Boyhood – a new phase

Football ballThump. Bang. Crash. Bang.

No. Its not the sound of builders. Or the latest video-game.  It’s the sound of my son.

“Will you please stop kicking that ball against the sideboard?!”

Every day this winter, the Boy likes nothing better than to kick his light-weight football up against the inside front door, or sometimes through it, using the porch as a make shift goal.  Most of the time I’d say I’m pretty tolerant of the noise and occasional tumble of paperwork off the side board. But occasionally it just gets to me. The ‘keep things nice and tidy me’ returns, my patience wears thin and I yell at him to stop.

You see, about a year ago my then 7 year old became obsessed with all things football.  You know, that normal evolutionary development of the human male-child species at that age.  In September, when he turned 8, he joined a local youth football club and joined a team of 8 boys, run by the dads (some more enthusiastically than others…).  ‘Football dad’ is a title that the OH has accepted a tad grudgingly but most definitely dutifully: the love for his son has, incredibly, won over his bias for “proper Aussie Rules football”.

And so this winter, all he’s wanted to do when he’s not in school is kick a ball about. Or play Minecraft. Or read. But that’s a post for another day.

We have a smallish house, but thanks to the previous owners knocking down the hall wall, our sitting room is slightly larger than average, affording The Boy space to kick a ball against the inside front door.

Crash. Bang. Bang.

I’ve decided to take a pragmatic view and let him do this because a) our furniture isn’t that precious b) he can’t play outside with other boys as there’s no boys to play with on our road and its a busy-ish road, and c) its a light-weight ball that (generally) does no damage (she says, crossing her fingers and hoping our paper shaded lamp stand lasts the winter…).  Gee, the boy’s a boy. Let him be one for an hour a day, I reckon. School hardly lets him.

But the crashing sound really starts to grate after a while.  I start to consider myself crazy for allowing this indoor football nonsense and screech for it to stop.  We do have a curfew time, at least.  After 7.30pm its “No indoor football!!” I declare, swiping the ball away and placing it up next to the cake box where he can’t reach. Yes, that’s it – cake & football, the two loves of his life.  My 10 yr old daughter is also known to hide the ball regularly to stop the irritating sound punctuating her ears leading to quite amusing scuffles between the two of them.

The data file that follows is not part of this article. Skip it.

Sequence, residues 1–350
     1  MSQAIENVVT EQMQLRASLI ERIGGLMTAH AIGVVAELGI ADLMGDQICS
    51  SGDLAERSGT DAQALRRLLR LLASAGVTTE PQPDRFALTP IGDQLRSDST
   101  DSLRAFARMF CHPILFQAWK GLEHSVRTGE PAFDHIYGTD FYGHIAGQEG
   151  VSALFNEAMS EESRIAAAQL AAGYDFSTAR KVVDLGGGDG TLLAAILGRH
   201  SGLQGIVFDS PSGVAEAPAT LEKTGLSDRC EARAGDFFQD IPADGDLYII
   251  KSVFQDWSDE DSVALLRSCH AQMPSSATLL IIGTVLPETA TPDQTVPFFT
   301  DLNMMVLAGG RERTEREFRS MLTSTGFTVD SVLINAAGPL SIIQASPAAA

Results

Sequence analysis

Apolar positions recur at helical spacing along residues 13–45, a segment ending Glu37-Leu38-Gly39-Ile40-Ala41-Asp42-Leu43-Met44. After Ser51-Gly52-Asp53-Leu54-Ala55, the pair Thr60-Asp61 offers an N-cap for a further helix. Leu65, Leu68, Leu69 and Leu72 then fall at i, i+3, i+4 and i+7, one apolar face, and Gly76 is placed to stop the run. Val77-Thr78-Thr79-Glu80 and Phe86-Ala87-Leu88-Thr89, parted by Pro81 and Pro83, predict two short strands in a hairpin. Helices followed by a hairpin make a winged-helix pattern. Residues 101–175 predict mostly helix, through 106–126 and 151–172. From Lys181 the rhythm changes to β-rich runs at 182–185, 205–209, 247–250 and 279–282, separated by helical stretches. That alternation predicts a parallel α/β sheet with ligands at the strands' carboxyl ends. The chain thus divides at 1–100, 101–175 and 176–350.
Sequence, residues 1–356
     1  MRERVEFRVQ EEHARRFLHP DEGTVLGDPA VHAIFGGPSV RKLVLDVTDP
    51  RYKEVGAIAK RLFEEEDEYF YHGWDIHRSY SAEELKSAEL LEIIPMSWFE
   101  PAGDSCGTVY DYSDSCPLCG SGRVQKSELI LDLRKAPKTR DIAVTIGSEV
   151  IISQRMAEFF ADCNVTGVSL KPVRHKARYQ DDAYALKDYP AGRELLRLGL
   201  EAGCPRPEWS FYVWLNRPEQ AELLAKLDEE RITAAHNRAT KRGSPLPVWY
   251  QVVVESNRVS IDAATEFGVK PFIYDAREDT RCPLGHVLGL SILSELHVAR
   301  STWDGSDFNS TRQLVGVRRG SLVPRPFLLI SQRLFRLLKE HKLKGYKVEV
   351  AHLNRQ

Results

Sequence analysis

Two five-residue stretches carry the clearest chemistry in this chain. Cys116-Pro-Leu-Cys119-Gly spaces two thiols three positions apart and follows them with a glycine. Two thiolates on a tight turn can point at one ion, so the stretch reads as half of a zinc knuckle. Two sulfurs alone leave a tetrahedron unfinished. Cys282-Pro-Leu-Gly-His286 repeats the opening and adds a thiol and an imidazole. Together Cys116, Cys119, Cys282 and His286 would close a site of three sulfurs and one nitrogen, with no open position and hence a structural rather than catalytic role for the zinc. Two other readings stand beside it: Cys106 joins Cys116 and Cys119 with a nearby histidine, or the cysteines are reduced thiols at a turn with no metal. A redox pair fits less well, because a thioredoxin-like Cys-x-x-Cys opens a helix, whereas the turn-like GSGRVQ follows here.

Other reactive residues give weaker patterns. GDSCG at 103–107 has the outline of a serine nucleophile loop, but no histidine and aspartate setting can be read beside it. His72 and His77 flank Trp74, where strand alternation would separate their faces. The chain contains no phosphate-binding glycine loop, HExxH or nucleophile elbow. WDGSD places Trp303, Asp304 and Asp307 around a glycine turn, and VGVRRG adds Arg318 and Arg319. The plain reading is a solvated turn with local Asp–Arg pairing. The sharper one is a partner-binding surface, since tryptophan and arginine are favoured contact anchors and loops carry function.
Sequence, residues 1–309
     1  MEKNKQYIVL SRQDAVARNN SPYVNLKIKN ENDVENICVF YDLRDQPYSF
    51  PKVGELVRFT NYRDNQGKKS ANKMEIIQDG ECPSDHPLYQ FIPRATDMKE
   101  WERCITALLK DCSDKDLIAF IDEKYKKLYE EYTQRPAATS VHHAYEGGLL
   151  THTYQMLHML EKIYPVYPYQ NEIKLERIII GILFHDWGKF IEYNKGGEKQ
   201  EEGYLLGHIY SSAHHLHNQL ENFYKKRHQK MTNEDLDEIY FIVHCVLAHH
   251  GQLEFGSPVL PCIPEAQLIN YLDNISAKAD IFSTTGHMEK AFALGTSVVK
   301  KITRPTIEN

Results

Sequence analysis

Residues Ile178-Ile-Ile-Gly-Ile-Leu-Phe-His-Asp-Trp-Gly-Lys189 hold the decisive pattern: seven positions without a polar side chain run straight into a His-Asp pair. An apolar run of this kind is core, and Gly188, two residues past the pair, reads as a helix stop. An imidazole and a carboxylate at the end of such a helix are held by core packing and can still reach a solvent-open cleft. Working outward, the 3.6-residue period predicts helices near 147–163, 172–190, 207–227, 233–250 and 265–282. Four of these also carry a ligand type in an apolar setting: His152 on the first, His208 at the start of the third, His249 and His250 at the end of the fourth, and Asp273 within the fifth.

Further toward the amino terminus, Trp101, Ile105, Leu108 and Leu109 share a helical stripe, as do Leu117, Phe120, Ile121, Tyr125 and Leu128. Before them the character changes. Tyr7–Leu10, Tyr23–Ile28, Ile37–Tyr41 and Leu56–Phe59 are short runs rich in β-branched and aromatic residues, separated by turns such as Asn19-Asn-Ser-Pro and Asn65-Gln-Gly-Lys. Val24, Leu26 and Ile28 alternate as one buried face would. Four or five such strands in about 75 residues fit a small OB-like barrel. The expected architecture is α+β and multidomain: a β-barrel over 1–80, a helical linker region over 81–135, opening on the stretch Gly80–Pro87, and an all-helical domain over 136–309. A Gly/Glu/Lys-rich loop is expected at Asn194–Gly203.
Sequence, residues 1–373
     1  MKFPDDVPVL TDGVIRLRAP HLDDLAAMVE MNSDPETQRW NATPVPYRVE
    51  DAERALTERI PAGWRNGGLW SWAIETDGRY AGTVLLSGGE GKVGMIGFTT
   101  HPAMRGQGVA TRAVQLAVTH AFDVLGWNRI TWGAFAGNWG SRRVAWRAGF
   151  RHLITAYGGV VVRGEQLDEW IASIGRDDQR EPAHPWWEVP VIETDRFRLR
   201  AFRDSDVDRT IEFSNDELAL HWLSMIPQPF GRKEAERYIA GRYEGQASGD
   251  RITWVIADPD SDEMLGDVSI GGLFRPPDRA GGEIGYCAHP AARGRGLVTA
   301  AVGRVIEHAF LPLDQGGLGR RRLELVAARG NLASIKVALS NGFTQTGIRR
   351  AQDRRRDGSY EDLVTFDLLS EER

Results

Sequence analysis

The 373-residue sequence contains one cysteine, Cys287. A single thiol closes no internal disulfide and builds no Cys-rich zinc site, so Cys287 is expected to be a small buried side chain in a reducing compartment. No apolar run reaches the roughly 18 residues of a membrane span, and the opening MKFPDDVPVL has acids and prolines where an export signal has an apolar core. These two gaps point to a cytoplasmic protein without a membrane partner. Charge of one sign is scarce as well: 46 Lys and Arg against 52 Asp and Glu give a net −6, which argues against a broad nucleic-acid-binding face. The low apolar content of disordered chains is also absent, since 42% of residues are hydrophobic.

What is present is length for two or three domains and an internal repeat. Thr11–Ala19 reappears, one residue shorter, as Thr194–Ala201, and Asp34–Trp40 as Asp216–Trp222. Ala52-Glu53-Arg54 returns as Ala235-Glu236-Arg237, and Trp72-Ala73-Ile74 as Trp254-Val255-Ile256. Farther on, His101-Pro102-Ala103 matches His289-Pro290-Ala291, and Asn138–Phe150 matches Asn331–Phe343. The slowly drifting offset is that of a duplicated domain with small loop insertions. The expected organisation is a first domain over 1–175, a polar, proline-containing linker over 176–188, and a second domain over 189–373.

But this obsession with football has been accompanied by other defining changes in him. Gone is the little boy who willingly sits on your lap, or pesters you with ‘Mummy’ every 60 seconds, who smiles when you kiss him good morning/good night, or hugs you back when you hug him.

I know its totally normal. That its all part of that critical ‘change’ in boys around this age.

But the lack of eye contact, the gentle grunting, the shrugging of shoulders when I correct him, and the incredulous “Yeah, Mummy, didn’t you know that?” knowingness, seems to have come like a thief in the night, stealing the ‘little’ in my boy.

I know, I know: he’s not gone, or stolen. He’s just different. He’s growing up. He’s expressing himself differently, and aligning himself with his peers, and his dad, not me.  He’s not generally rude, impolite or uncaring, and so I should have nothing to complain about.  But it is still hard.

When I get the chance to sit next to him on the sofa whilst watching TV, I sneak in a cuddle, drawing him into my side, and he responds. I treasure those moments.

Parenting is like being on an airport travelator:  kids never stay still, always changing and evolving, and right under your nose.  Rather infuriatingly, they rarely, if ever, change in the same way as their siblings.  So we’re constantly having to adapt and dance a new tune, just as we thought we’d sussed out the last one….

Crash. Bang. Thump.

Boy, I simply can’t wait for spring when he can kick that darned ball outside……